skillful in playing on the harp, and in singing of hymns, [and an excellent soldier in war,] he sent to Jesse, and
desired him to take David away from the flocks, and send him to him, for he had a mind to see him, as having heard
an advantageous character of his comeliness and his valor. So Jesse sent his son, and gave him presents to carry to
Saul. And when he was come, Saul was pleased with him, and made him his armor-bearer, and had him in very great
esteem; for he charmed his passion, and was the only physician against the trouble he had from the demons,
whensoever it was that it came upon him, and this by reciting of hymns, and playing upon the harp, and bringing
Saul to his right mind again. However, he sent to Jesse, the father of the child, and desired him to permit David to
stay with him, for that he was delighted with his sight and company; which stay, that he might not contradict Saul, he



1. NOW the Philistines gathered themselves together again no very long time afterward; and having gotten
together a great army, they made war against the Israelites; and having seized a place between Shochoh and
Azekah, they there pitched their camp. Saul also drew out his army to oppose them; and by pitching his own camp
on a certain hill, he forced the Philistines to leave their former camp, and to encamp themselves upon such another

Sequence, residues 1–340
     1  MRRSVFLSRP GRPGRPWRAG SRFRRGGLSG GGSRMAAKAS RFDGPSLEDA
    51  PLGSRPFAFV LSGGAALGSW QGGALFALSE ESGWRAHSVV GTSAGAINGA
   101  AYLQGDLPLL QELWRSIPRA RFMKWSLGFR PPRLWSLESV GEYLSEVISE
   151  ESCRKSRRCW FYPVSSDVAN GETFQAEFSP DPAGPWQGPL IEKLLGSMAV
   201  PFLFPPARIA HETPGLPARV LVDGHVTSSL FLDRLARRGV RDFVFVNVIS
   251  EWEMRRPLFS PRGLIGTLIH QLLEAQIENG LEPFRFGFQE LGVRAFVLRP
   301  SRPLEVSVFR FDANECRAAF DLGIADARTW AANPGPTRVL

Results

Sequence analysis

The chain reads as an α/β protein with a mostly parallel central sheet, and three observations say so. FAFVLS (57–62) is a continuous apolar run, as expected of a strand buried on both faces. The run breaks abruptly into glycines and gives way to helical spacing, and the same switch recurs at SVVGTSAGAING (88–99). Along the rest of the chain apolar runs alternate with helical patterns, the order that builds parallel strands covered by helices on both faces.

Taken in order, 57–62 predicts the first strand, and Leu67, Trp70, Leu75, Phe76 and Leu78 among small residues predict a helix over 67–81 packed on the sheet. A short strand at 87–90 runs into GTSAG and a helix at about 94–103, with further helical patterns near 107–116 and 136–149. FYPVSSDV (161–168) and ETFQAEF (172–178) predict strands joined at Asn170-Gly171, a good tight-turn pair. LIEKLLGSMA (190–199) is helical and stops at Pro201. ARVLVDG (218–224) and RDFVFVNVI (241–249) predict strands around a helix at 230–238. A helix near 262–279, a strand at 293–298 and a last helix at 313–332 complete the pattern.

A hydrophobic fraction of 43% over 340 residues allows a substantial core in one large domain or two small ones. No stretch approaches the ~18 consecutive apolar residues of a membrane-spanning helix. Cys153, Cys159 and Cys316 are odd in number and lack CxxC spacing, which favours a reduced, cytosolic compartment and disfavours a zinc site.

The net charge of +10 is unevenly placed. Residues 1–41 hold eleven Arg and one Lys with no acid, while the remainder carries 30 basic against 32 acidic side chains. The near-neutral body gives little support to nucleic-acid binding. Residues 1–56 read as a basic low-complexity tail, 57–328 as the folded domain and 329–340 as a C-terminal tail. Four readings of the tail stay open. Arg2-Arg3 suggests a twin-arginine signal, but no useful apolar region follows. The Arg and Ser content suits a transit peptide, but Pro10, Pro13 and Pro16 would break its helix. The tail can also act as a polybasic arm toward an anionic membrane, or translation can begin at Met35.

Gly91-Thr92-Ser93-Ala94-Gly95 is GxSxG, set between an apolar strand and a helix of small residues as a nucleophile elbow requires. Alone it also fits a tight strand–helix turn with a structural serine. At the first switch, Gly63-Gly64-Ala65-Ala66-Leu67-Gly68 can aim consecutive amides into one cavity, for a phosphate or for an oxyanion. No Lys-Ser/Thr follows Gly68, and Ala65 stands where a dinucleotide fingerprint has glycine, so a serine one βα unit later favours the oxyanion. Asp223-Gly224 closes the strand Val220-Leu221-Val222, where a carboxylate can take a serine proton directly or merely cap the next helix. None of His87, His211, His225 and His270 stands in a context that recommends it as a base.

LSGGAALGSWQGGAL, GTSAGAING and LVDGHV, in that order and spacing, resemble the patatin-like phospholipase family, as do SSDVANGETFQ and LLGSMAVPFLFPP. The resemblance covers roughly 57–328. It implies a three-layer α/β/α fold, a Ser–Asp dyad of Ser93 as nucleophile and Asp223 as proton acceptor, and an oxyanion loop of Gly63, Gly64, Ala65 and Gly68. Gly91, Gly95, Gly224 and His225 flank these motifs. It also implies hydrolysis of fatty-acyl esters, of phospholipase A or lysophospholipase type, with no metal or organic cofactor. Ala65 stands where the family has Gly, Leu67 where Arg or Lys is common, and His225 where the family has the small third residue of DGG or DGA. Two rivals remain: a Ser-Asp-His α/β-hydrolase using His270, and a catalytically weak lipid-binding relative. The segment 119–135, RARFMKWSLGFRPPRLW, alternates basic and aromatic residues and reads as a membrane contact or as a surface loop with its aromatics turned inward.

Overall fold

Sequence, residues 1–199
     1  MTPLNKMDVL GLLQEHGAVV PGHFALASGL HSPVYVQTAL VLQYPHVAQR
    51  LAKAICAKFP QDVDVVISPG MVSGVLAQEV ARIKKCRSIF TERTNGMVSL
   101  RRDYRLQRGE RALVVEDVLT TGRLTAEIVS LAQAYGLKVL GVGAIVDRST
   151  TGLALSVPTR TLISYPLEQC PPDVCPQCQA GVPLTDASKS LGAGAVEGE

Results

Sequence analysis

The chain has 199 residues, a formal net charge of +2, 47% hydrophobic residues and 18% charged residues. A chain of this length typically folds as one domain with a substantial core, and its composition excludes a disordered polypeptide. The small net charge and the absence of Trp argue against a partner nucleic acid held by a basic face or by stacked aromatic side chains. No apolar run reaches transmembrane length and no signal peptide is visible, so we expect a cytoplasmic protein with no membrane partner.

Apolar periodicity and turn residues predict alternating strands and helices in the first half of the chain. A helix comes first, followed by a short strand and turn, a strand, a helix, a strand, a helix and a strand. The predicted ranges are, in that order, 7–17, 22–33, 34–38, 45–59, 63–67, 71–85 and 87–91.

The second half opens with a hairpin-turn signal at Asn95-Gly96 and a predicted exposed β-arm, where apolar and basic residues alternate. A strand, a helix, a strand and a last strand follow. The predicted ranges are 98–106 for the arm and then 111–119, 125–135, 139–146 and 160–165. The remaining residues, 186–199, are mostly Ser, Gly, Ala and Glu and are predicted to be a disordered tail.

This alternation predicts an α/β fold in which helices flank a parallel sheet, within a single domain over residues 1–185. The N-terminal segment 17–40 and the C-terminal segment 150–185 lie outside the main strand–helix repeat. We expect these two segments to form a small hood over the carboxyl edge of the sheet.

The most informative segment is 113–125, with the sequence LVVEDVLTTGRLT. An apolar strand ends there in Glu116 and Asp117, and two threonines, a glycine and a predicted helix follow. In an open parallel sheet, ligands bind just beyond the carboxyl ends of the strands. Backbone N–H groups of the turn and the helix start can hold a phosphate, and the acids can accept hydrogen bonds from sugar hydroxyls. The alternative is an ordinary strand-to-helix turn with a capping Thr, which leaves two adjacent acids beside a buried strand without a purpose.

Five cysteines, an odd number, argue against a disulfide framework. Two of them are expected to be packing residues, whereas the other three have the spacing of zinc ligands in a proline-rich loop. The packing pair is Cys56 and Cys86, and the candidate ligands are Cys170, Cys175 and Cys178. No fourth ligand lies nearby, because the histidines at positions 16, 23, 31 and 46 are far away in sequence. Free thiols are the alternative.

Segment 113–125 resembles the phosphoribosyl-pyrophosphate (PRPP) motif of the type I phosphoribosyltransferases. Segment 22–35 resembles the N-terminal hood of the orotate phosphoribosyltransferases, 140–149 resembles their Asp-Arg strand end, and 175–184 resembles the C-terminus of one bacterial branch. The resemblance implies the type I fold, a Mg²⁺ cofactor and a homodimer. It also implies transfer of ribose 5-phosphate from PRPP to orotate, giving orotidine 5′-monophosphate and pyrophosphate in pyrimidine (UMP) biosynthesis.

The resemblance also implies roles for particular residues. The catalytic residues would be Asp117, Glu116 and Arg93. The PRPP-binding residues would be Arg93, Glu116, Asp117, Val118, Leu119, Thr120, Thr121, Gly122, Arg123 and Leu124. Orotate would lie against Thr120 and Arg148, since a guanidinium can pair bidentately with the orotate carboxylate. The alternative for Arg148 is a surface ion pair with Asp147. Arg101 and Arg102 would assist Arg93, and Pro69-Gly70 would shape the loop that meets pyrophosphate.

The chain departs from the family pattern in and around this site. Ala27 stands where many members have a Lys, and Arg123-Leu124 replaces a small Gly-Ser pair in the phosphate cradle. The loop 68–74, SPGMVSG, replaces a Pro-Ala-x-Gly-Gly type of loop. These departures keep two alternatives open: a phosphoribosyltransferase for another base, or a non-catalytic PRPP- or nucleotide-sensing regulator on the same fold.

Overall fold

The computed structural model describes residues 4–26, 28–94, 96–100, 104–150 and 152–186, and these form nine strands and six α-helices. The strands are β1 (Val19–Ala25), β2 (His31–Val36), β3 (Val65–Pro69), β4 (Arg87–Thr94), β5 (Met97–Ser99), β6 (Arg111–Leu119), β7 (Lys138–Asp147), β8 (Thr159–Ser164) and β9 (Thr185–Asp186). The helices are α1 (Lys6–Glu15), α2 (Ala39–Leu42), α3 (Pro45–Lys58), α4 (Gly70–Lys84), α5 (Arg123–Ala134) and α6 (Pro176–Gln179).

hill, over-against that on which Saul's army lay, so that a valley, which was between the two hills on which they lay,
divided their camps asunder. Now there came down a man out of the camp of the Philistines, whose name was
Goliath, of the city of Gath, a man of vast bulk, for he was of four cubits and a span in tallness, and had about him
weapons suitable to the largeness of his body, for he had a breastplate on that weighed five thousand shekels: he
had also a helmet and greaves of brass, as large as you would naturally suppose might cover the limbs of so vast a
body. His spear was also such as was not carried like a light thing in his right hand, but he carried it as lying on his
shoulders. He had also a lance of six hundred shekels; and many followed him to carry his armor. Wherefore this
Goliath stood between the two armies, as they were in battle array, and sent out aloud voice, and said to Saul and
the Hebrews, "I will free you from fighting and from dangers; for what necessity is there that your army should fall
and be afflicted? Give me a man of you that will fight with me, and he that conquers shall have the reward of the
conqueror and determine the war; for these shall serve those others to whom the conqueror shall belong; and
certainly it is much better, and more prudent, to gain what you desire by the hazard of one man than of all." When